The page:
useful with many kinds of small packages but if used with bagged stuff, light cases, etc., a great
deal of damage may result. Similarly chain slings are indispensable for certain types of packages
and useful for most classes of iron goods but the use of such with light cases, sheet iron, coils of
copper, piping, sawn logs of valuable timber and other goods liable to buckling, fraying or
marking by chain may be productive odd damage or claims.
Canvas or man-made fibre slings should be used for slinging bagged flour, coffee and
light cargo, while the use of trays for certain classes of goods is much to be preferred to slinging
by net or rope.


How does temperature affect certain cargoes, in particular coal, rice and oil seeds,
tobacco, wool, copra, beans?
How should cargoes susceptible to temperature change be stowed?
What mixtures of cargo cause the majority of claims?
How can damages and losses from cargo mixtures be avoided?
How does rust damage arise?
What is the basic requirement for avoiding and preventing rust damage?
How is pilferage or broaching of cargo prevented? What precautions should the cargo
officer undertake?
Why are rats a great danger to the goods carried by sea?
What are some of the most important kinds of vermin and what kind of goods do they
When should the holds be fumigated?


What are some of the major sources of mechanical damage to cargo?
How does the lifting gear and improper use of equipment affect the cargo?

1. Fill in the missing words stating the kind of damage claimed:
1. Despite our efforts the lots of steel have been loaded without regard to the order of
B/L's and the parcels of different shippers have been consequently
2. On taking delivery we found that l43 barrels were
3. While discharging the cargo two cases fell down on the quay and were
4. The cargo of butter was damaged because it was exposed to
5. Dusty goods should not be stowed over goods which are susceptible to
by dust.
damage is caused by to-and-fro motion arising from the vessel's motion in
a seaway. 7. Cargo which gives off fumes or odours should never be stowed with fine
goods or food stuffs as
damage may result.
8. To protect valuable cargo from
it should be stowed in special cargo
9. Because of the generator failure, all the frozen, chilled, and air-cooled cargo suffered
a great deal of
10. Goods which are shipped without packaging may be directly affected by
2. Complete the following text with the words in the brackets supplying the right forms in the
case of verbs:
Dear Sirs,
I wish to draw your
to the fact that owing to negligent and
by stevadores during discharge heavy
has been caused to the goods. Several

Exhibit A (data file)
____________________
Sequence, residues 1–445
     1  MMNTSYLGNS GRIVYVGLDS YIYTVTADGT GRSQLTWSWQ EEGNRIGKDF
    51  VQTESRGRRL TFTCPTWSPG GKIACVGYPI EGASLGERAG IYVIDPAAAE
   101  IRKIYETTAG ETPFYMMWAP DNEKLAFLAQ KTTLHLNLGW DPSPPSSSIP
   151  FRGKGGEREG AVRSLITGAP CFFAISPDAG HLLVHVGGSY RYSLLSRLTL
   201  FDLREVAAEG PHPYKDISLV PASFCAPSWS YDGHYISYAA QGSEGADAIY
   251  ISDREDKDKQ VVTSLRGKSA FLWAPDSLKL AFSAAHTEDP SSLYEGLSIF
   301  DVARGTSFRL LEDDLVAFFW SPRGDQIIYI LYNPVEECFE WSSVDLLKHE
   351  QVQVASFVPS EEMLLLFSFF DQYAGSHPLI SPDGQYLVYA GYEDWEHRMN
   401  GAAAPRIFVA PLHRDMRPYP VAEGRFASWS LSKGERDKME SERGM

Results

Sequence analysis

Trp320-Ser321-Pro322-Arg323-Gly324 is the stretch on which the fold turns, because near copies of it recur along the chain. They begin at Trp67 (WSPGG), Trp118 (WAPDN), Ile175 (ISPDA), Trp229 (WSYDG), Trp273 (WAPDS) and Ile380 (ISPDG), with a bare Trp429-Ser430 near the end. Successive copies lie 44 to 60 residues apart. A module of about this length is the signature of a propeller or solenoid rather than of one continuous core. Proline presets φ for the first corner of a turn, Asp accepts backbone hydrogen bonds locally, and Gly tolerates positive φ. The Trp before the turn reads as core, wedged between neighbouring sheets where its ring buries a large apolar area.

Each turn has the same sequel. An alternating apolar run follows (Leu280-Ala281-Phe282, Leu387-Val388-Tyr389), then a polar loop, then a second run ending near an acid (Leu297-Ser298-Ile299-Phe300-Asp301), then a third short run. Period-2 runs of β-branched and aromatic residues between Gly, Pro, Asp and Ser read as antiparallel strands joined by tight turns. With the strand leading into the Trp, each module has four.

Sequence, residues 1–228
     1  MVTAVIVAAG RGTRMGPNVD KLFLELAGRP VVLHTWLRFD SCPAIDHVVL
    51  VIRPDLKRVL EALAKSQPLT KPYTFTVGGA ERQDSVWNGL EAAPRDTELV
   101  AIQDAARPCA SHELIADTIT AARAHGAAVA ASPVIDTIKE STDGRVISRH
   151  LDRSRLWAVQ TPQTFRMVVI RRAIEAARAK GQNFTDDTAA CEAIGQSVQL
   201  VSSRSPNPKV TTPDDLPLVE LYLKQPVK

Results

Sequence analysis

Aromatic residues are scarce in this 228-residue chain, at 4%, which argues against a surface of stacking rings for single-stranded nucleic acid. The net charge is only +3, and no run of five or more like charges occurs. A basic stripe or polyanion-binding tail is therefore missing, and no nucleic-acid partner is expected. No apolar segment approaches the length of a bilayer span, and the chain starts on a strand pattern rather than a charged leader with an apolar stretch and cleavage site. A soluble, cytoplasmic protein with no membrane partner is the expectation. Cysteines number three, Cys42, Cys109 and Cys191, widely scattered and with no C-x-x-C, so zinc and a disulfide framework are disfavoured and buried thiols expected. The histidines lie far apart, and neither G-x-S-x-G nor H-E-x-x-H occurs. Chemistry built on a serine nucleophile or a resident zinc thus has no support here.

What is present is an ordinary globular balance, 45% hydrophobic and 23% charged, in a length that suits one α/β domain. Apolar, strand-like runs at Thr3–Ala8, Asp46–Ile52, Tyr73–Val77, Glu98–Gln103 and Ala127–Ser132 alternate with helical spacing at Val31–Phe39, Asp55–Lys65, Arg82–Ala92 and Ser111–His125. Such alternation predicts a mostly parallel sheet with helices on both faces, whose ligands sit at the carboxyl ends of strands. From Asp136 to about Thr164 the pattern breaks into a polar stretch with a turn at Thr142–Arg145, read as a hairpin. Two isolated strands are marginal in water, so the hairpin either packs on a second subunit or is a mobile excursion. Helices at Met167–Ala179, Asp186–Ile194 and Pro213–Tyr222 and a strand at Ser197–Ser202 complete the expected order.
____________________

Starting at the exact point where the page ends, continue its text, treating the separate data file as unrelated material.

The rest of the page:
boxes were
due to improper slinging and some boxes
from the sling
and were broken. As a result of using
a number of bags of wheat were badly torn
causing considerable loss. Under the circumstances I
against damage caused,
because my vessel arrived in port with the cargo in good order and
Consequently I repudiate any
in view of the above damage, which was
solely by improper discharge.

1. Read the following sentences expressing the cause-result relationship and underline the part
of the sentence indicating result:
1. Some commodities are so susceptible to temperature change that controlled
temperature may be required.
2. Copra gives off a great deal of moisture thus affecting other commodities in the
3. Different lots of bulk grain should be separated in such a manner as to preclude their
4. Timber dunnage from temperature regions harbour eggs or larvae so that strict
safeguards and regulations have been developed against import of these insects.
2. Word Forms. Supply the right word from the brackets:
(liable to, liable for; susceptible, susceptibility; deteriorate, deterioration)
1. Some cargoes such as beans and nuts are liable to
2. Citrus fruit and other perishable cargoes
3. Special attention should be paid to coal and oil because of their
4. Coal is a commodity which is
to spontaneous heating.
5. Lightweight cargoes are particularly
to damage by crushing.
to deterioration means the same as to deterioration.
7. Who was
the damage caused to the cargo?


3. Turn the sentences containing typical Verb + (object) Noun in this Unit (underlined) into
1. We can avoid damage by a better securing of the cargo.
2. Wet dunnage may cause damage to the cargo in the vicinity.
3. Crated fruit can withstand damage from overstowing.
4. The ship will deliver the package in a sound condition.
5. The use of crowbars can damage both the cargo and its packaging.
6. We dragged the cargo stowed in the remote places of the hold by means of a tackle.
7. The consignees claim damages in the sum of 23,200 pounds sterling.
8. We have made a claim against the stevedoring company for the damage to the
Supply the missing Reposition
Dear Sirs,
Re.: 800 bags of urea under B/L No. 6
190 cases of light machinery
I wish
draw your attention
the fact that owing
negligent and careless handling
stevedores, during discharge
cargo, heavy damage has been caused
the goods.

the above

Several cases were crushed owing
improper slinging and some boxes
the sling and were broken. As a result
the use
hooks a
urea were badly torn and considerable leakage and loss ensued.
the circumstances I protest
the damages caused, as my ship has
brought the cargo
good order and condition. Consequently, I repudiate any
the said damage, which was caused solely
inefficient discharge.
the same time I must hold the Stevedores responsible
the above damage and
all the consequences that may arise there
. Please
advise the Stevedores, the Port Authority, the Consignees and all the concerned
Yours faithfully
XY, Master of the m/s ZZ
1. Da bi se sačuvali od krañe, vrijedniji tereti prevoze se u lokerima.
2. Da bi se spriječilo oštećenje od topline treba teret slagati podalje od pregrada kotlovnice,
strojarnice kao i od vlažne robe.
3. Veoma čest uzrok oštećenja mirisom su šuplji (leaky) tankovi goriva u dvodnu ili ispod
pajola (tank top) .
4. Neoprezno (careless) rukovanje vitlom prilikom spuštanja tereta u skladište ili na obalu
može dovesti (cause) do mehaničkog oštećenja koleta.
5. To isto vrijedi (hold) za njihanje (swinging) tereta u skiadištu, bacanje (dropping) koleta s
vrha reda ili sa "brage".
6. Skrivena mana (inherent vice) čest je uzrok štete na teretu.
7. Teret koji se lako kvari treba čuvati (guard against) od izloženosti (exposure) toplini.
8. Banane su se pokvarile do te mjere (to the extent) da se više ne mogu upotrebijavati.
9. Teret valja složiti tako da se ne može lako oštetiti trenjem (chafing)
10. Teret je bio preosjetljiv (liable) na miris (tainting) pa je zapovjednik upisao opasku na
teretnicu (endorse the B/L).
11. Pola letvarica (crate) s rajčicama stiglo je u pokvarenom (deteriorated) stanju.
12. Dvije trećine štete nastalo je uslijed (be due to) nepravilnog slaganja, a jedna uslijed
skrivene mane.